Selective Annotation Makes Language Models Better Few-Shot LearnersDownload PDF

Published: 01 Feb 2023, Last Modified: 17 Sept 2023ICLR 2023 posterReaders: Everyone
Keywords: few-shot learning, language models, in-context learning, active learning
TL;DR: We propose a select-then-annotate framework to make large language models better few-shot learners. Our method, vote-k, greatly improves the task performance over classification, commonsense reasoning, dialogue, and text/code generation.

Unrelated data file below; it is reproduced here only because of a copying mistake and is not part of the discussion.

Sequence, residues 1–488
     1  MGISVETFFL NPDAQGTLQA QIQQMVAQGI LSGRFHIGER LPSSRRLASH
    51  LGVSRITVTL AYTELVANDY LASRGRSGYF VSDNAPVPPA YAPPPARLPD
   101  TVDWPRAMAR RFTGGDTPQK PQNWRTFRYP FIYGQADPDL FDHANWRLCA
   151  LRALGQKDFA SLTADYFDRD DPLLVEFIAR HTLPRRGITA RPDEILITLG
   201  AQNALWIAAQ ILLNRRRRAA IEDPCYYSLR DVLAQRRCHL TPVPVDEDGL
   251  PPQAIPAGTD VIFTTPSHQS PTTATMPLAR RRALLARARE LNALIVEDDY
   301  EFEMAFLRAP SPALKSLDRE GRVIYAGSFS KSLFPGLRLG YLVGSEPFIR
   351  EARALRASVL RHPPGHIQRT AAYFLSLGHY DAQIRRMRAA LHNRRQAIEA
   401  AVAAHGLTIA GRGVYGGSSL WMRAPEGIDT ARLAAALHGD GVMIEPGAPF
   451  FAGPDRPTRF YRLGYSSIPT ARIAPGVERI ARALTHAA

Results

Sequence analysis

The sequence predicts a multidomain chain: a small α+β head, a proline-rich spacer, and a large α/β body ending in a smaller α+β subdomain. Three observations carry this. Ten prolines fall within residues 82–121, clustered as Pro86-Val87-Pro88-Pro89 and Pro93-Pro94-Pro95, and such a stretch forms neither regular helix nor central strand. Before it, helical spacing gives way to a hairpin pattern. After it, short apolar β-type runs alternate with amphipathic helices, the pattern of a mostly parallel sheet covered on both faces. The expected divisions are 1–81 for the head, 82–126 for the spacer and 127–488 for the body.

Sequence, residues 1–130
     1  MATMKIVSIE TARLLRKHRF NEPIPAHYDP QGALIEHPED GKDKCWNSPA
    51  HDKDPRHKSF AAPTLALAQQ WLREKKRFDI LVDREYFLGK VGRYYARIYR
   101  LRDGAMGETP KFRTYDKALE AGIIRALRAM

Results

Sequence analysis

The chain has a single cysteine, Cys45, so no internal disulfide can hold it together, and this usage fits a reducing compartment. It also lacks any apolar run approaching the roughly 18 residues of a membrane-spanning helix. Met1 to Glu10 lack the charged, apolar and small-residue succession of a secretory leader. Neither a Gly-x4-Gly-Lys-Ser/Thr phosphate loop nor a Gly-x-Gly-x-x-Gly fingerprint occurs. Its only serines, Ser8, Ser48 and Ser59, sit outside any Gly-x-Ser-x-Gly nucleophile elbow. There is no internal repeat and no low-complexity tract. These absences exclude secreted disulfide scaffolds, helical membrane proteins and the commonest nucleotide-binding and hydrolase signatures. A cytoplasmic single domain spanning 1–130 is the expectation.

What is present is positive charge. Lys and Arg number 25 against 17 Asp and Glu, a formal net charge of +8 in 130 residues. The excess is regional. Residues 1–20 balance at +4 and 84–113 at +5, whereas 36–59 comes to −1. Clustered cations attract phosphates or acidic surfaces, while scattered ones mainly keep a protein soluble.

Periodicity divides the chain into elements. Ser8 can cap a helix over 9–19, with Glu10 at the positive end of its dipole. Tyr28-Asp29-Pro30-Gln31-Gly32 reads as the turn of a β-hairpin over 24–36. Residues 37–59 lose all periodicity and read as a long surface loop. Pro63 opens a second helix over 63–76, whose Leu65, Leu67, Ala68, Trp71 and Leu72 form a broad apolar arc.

Abstract: Many recent approaches to natural language tasks are built on the remarkable abilities of large language models. Large language models can perform in-context learning, where they learn a new task from a few task demonstrations, without any parameter updates. This work examines the implications of in-context learning for the creation of datasets for new natural language tasks. Departing from recent in-context learning methods, we formulate an annotation-efficient, two-step framework: selective annotation that chooses a pool of examples to annotate from unlabeled data in advance, followed by prompt retrieval that retrieves task examples from the annotated pool at test time. Based on this framework, we propose an unsupervised, graph-based selective annotation method, voke-k, to select diverse, representative examples to annotate. Extensive experiments on 10 datasets (covering classification, commonsense reasoning, dialogue, and text/code generation) demonstrate that our selective annotation method improves the task performance by a large margin. On average, vote-k achieves a 12.9%/11.4% relative gain under an annotation budget of 18/100, as compared to randomly selecting examples to annotate. Compared to state-of-the-art supervised finetuning approaches, it yields similar performance with 10-100x less annotation cost across 10 tasks. We further analyze the effectiveness of our framework in various scenarios: language models with varying sizes, alternative selective annotation methods, and cases where there is a test data domain shift. We hope that our studies will serve as a basis for data annotations as large language models are increasingly applied to new tasks.
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